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Where I Was: A Memoir from the Margins

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Where I Was is a rich, entertaining and compelling account of the life of an extraordinary woman. In a land of many cultures, many races, many religions; in a state where politics and public policies impinge, sometimes callously, on the daily lives of its denizens, Constance Singam is an individual marginalised many times over by her status as a woman, an Indian, a widow a Where I Was is a rich, entertaining and compelling account of the life of an extraordinary woman. In a land of many cultures, many races, many religions; in a state where politics and public policies impinge, sometimes callously, on the daily lives of its denizens, Constance Singam is an individual marginalised many times over by her status as a woman, an Indian, a widow and a civil society activist. Through humorous and moving accounts, Constance captures in words the images of the people, places and events that are the source of her most powerful memories. These images are connected to key turning points in her personal journey, set against or within the context of important historical events.


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Where I Was is a rich, entertaining and compelling account of the life of an extraordinary woman. In a land of many cultures, many races, many religions; in a state where politics and public policies impinge, sometimes callously, on the daily lives of its denizens, Constance Singam is an individual marginalised many times over by her status as a woman, an Indian, a widow a Where I Was is a rich, entertaining and compelling account of the life of an extraordinary woman. In a land of many cultures, many races, many religions; in a state where politics and public policies impinge, sometimes callously, on the daily lives of its denizens, Constance Singam is an individual marginalised many times over by her status as a woman, an Indian, a widow and a civil society activist. Through humorous and moving accounts, Constance captures in words the images of the people, places and events that are the source of her most powerful memories. These images are connected to key turning points in her personal journey, set against or within the context of important historical events.

17 review for Where I Was: A Memoir from the Margins

  1. 5 out of 5

    Vidhya Nair

    Constance Singam has been an active voice in civil society in Singapore especially in women's issues, emancipation of the underprivileged & underclass. So her memoir of her own life make me curious to know who she is, what her real thoughts were and where she came from. Where is came from, she seemed to have alot of pride in her family background, her circumstances and I was appreciative that she had gained strength in knowing her own self & was comfortable in her identity. Her thoughts Constance Singam has been an active voice in civil society in Singapore especially in women's issues, emancipation of the underprivileged & underclass. So her memoir of her own life make me curious to know who she is, what her real thoughts were and where she came from. Where is came from, she seemed to have alot of pride in her family background, her circumstances and I was appreciative that she had gained strength in knowing her own self & was comfortable in her identity. Her thoughts about her experience in civil society and brushes with an authoritative govt, while illuminating for some, unfamiliar with what Spore is really like, I think could have pushed the envelope alot more. I felt that she could have been more decisive in her conclusions of some of the incidents and characters she had encountered. But then, self-censorship helps getting published, at least in Singapore. The book, is unnecessary lengthy, could have been edited better & had too many external quotes from thinkers ( which were distracting from her own story). Overall, it's an interesting read. As a woman who had to overcome crisis and disadvantage, I admire her courage, her will to survive and most importantly, she know's who she is to herself and that itself, is very inspiring.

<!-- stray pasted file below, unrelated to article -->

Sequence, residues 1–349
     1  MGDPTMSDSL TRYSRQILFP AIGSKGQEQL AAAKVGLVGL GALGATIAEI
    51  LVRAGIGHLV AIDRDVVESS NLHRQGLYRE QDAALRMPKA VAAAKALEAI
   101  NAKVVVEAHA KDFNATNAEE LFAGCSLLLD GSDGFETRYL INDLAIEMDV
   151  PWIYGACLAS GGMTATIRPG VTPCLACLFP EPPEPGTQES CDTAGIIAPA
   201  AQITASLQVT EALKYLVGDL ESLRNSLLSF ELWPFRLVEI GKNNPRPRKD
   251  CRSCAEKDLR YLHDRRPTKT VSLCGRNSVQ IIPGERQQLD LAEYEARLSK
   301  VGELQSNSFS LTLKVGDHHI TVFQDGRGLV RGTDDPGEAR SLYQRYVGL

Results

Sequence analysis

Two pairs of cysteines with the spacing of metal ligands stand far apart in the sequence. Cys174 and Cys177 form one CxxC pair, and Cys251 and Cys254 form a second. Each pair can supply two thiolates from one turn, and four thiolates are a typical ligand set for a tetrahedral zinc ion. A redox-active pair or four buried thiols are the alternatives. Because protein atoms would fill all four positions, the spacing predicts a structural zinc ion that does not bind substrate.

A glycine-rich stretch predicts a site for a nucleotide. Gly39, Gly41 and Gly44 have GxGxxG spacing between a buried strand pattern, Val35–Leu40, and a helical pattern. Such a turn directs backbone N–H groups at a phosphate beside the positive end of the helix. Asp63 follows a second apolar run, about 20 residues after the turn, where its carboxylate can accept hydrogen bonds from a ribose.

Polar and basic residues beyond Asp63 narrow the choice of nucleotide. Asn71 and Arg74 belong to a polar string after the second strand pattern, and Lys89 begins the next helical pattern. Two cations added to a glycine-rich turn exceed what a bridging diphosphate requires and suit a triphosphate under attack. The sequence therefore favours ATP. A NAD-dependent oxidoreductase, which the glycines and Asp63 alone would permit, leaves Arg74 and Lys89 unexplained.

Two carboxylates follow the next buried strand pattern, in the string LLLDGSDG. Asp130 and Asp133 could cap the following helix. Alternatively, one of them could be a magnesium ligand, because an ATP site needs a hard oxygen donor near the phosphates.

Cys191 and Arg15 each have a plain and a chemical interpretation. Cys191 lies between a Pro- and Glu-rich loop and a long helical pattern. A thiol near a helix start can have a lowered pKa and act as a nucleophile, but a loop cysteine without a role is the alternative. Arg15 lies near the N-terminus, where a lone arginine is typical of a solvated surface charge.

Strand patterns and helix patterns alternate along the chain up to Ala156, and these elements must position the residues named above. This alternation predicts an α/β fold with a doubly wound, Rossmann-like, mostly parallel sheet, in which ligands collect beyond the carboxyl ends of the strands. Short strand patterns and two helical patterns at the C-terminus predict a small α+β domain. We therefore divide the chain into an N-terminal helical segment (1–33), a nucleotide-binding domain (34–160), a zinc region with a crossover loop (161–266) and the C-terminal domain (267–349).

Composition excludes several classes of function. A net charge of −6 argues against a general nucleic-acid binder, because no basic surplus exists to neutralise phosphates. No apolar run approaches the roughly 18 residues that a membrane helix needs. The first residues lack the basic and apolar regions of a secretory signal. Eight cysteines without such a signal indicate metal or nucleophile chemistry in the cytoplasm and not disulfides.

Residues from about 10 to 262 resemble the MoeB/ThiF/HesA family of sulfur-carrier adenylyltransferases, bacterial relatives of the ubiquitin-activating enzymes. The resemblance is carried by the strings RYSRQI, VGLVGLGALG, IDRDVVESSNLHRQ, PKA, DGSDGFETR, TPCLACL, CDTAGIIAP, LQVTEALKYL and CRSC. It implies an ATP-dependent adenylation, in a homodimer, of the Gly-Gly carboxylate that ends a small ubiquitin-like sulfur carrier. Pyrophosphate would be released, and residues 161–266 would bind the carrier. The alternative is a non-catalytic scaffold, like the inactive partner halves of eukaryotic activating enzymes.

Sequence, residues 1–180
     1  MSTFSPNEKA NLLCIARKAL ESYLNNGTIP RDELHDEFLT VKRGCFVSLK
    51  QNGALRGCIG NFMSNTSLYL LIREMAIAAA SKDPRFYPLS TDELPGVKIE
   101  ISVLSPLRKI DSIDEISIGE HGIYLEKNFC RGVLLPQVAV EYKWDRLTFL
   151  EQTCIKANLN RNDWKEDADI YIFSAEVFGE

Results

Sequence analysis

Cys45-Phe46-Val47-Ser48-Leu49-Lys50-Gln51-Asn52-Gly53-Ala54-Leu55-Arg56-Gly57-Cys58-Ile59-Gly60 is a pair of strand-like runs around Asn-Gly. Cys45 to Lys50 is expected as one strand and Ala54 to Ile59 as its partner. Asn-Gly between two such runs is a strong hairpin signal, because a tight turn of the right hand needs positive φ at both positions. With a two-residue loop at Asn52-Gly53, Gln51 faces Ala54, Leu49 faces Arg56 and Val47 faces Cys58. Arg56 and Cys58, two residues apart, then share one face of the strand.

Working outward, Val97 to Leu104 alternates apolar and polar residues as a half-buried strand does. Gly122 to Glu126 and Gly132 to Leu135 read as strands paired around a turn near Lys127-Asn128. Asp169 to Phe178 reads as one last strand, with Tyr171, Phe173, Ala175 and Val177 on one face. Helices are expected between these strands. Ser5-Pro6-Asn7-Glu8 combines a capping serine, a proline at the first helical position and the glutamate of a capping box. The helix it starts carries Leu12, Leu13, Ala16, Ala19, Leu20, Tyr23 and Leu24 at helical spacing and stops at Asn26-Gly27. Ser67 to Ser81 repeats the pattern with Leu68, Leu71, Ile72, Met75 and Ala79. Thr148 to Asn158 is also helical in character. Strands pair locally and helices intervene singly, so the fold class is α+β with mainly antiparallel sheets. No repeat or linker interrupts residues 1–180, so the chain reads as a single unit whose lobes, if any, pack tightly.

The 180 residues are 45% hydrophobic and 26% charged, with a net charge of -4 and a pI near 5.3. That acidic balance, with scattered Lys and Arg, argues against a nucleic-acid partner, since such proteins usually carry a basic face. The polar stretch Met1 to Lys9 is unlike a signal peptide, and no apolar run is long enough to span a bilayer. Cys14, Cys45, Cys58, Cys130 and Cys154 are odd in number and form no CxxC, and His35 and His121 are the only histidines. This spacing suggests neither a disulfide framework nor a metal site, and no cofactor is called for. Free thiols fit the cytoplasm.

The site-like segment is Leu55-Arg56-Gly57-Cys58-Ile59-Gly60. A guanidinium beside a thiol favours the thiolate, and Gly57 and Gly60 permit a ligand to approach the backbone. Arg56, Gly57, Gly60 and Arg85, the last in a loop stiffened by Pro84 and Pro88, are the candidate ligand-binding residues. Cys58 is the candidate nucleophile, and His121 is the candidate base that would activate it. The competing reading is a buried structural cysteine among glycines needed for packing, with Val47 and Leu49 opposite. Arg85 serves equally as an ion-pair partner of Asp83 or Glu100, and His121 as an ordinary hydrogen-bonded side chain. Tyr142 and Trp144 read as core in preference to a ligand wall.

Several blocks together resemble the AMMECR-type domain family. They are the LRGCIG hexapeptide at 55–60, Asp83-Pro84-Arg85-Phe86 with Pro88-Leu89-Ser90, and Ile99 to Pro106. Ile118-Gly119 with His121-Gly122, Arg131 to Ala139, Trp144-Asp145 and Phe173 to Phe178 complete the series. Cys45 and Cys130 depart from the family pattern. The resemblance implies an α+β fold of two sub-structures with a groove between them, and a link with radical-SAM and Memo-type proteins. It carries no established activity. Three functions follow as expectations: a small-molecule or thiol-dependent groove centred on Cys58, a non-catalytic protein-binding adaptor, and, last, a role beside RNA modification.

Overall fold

2. 4 out of 5

    Kirsten

    This book is a very easy read; you pick it up and let yourself be carried along. But Connie doesn't always follow a chronological order, making connections and bringing up anecdotes as they come to her, so sometimes I got a little bit confused. I do think this book could have benefited from stricter editing to make it much more tight and focused on her experiences and memories, but all in all it's a pleasant read to learn about the life of one of Singapore's (currently) longest-serving civil soci This book is a very easy read; you pick it up and let yourself be carried along. But Connie doesn't always follow a chronological order, making connections and bringing up anecdotes as they come to her, so sometimes I got a little bit confused. I do think this book could have benefited from stricter editing to make it much more tight and focused on her experiences and memories, but all in all it's a pleasant read to learn about the life of one of Singapore's (currently) longest-serving civil society activists, and someone I admire and hope to learn from.

  3. 5 out of 5

    Indrani Das

  4. 5 out of 5

    Yuhan

  5. 4 out of 5

    Mandira

  6. 4 out of 5

    Ruth Quah

  7. 5 out of 5

    C

  8. 4 out of 5

    Leon

  9. 5 out of 5

    Caleb Liu

  10. 4 out of 5

    So Phia Ong

  11. 4 out of 5

    Deepa

  12. 5 out of 5

    Aditi Shiva

  13. 4 out of 5

    Samantha Soon

  14. 4 out of 5

    Claudia

  15. 5 out of 5

    Dana Lam

  16. 4 out of 5

    Aditi Shiva

  17. 5 out of 5

    Brenda

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